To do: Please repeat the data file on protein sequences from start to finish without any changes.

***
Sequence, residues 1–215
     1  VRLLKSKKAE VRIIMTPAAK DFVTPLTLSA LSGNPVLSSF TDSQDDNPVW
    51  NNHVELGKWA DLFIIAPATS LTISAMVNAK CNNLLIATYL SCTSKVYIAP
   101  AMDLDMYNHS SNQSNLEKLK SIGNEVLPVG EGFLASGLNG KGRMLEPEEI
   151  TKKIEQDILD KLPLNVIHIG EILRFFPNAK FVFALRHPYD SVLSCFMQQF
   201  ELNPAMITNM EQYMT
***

Sequence, residues 1–215
     1  VRLLKSKKAE VRIIMTPAAK DFVTPLTLSA LSGNPVLSSF TDSQDDNPVW
    51  NNHVELGKWA DLFIIAPATS LTISAMVNAK CNNLLIATYL SCTSKVYIAP
   101  AMDLDMYNHS SNQSNLEKLK SIGNEVLPVG EGFLASGLNG KGRMLEPEEI
   151  TKKIEQDILD KLPLNVIHIG EILRFFPNAK FVFALRHPYD SVLSCFMQQF
   201  ELNPAMITNM EQYMT